The White Palace (Serbian: Beli Dvor) is the Serbian royal palace located in Belgrade. It is part of the Royal Compound, a complex of royal residences and green areas located in the Dedinje district, one of the most populated parts of the Serbian capital. The Royal Compound covers an area of 100 hectares, of which 27 surround the Royal Palace and 12 the White Palace.
The White House was designed in neo-Palladian style by architect Aleksandar Đorđević, probably inspired by 18th-century English villas such as Ditchley Park. Its interiors were decorated by the French house Maison Jansen in the English Georgian style. The furniture is in the Russian style of the 19th century.
During the construction of the Royal Palace, the Yugoslav King Alexander I wanted to build a house for his children, so the White Palace came into existence. After the assassination of King Alexander I in 1934 in Marseille, Queen Mary and the prince’s children, including the young King Peter II, who was 11 years old, stayed at the Royal Palace and the New Palace in downtown Belgrade, which became the family’s official residence. later the seat of the Serbian presidency. The construction of the White Palace continued until 1936, when the works were completed. It then became the residence of Prince Regent Paul of Yugoslavia and his family until King Peter II came of age.
The exterior walls are plastered in white, while the decorations of the windows, cornices and pillars in stone are always white, which is why the building got its name. The main façade has a flat central structure with two protruding side masses. The atrium is preceded by a portico with pillars reminiscent of the Doric style, which support the terrace overlooking the windows on the second floor. There are three entrance doors and they all have glass panes: they are separated by pilasters with capitals of the same style as the pillars. On the second floor, three central windows have a decoration that ends in a triangular moulding, and are flanked by ionic pilasters that support the gable at the top of the facade, above three small windows on the third floor. The windows on the first floor of the two side bodies are three-part: the central one is higher and ends with an arch.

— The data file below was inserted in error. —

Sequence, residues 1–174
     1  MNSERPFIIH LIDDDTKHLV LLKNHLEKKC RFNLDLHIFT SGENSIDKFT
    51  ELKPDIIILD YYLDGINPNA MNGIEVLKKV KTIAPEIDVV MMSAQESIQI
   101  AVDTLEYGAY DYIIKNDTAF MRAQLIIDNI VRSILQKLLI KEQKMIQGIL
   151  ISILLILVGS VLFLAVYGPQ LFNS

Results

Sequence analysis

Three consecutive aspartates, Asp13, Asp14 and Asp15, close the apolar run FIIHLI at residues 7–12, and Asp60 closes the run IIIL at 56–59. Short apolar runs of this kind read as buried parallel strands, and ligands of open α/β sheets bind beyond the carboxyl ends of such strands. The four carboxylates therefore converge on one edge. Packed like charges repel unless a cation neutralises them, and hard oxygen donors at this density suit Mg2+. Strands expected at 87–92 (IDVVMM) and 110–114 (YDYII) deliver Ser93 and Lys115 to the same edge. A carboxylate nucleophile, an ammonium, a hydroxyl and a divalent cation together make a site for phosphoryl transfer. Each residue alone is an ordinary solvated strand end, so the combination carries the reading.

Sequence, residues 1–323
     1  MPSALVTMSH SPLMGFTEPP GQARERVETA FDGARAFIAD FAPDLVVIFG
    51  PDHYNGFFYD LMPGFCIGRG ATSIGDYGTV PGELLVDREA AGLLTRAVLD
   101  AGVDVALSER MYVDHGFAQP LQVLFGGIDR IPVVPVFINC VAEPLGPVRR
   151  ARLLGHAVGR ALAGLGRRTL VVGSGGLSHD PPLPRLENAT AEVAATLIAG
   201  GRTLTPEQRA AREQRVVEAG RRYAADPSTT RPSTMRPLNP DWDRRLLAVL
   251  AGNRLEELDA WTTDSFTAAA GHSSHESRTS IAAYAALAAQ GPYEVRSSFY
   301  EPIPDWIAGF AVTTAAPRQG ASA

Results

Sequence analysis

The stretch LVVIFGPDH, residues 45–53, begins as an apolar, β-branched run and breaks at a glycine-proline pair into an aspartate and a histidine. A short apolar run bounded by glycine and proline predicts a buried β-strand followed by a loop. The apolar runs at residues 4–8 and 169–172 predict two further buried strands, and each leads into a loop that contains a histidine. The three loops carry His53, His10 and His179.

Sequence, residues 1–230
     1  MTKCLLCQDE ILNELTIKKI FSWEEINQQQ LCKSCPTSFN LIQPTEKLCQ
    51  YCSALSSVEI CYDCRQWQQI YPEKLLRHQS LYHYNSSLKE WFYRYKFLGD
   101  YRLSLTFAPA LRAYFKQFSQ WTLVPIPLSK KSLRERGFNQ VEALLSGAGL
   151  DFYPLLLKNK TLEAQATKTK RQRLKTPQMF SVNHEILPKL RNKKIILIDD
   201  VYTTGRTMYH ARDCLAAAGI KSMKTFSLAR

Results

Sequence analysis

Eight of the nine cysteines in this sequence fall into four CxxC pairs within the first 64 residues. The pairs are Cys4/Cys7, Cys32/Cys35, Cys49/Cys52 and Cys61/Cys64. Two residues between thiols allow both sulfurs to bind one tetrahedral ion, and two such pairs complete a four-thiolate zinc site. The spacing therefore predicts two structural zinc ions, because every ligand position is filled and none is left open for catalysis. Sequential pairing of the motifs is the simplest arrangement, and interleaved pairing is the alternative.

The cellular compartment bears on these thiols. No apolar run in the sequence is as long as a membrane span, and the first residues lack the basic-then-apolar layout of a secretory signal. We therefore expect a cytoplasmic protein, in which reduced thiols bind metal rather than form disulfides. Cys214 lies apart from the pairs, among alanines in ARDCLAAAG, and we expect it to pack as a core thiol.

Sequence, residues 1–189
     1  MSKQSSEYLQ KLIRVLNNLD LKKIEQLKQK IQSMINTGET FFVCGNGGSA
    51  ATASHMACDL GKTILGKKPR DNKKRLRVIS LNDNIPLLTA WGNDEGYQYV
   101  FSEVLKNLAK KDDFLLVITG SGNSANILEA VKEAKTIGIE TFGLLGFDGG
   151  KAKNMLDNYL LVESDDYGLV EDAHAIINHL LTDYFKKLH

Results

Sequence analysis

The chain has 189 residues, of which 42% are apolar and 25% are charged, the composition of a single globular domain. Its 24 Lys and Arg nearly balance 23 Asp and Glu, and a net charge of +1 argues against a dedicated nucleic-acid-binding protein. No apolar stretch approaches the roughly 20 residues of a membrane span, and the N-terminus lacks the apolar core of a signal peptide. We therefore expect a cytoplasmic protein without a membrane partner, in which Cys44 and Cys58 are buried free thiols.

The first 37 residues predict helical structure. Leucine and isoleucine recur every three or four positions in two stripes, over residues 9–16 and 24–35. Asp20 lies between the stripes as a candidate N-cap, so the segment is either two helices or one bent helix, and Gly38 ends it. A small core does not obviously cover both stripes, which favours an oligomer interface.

The first floor of the building is raised from the ground floor: to the atrium, behind the pillars there is a staircase, while all around the building the height difference is decorated with hewn stone. The side walls are flat with a slight central protrusion, while the rear façade is completely flat and also has a porch supported by double ionic pillars preceded by a staircase. The three rear access doors are separated by double ionic pilasters. Around the terrace of the building stretches a balustrade with stone pillars; the same decoration is present on the balustrades of the terraces that cover the atriums and on the balconies. The interior has a very large entrance leading to a dining room furnished in the style of Chippendale and to other rooms with furniture in the style of Louis XV and Louis XVI. The entrance overlooks the gallery on the second floor which is reached by a staircase and which is enteredfrom other room. A large window on the ceiling gives light to both floors of the building.
After the Second World War, when the communist government ruled the Socialist Federal Republic of Yugoslavia, the White Palace was used by Tito, and later by Slobodan Milošević. After “Bulldozer Revolution” on October 5, 2000, the royal family, who lived in the United Kingdom, was invited to return to Yugoslavia, which they did in 2001. Prince Alexander Karađorđević, his wife Catherine and the prince’s three children now live in royal compound. The White House is open to the public on weekends between April and November. The palace houses a variety of collections, including paintings by Eugène Fromentin, Simon Vouet, Nicolas Poussin, Sébastien Bourdon, Albrecht Altdorfer, Rembrandt, Paolo Veronese, Antonio Canaletto, Bruegel, Biagio d’Antonio, Giuseppe Crespo, Frany Xaver Winterhalter, Đuro Jakšić, Stevan Todorović, Ivan Meštrović and Vlaho Bukovac.
This project was supported by the Ministry of Culture and Information of the Republic of Serbia.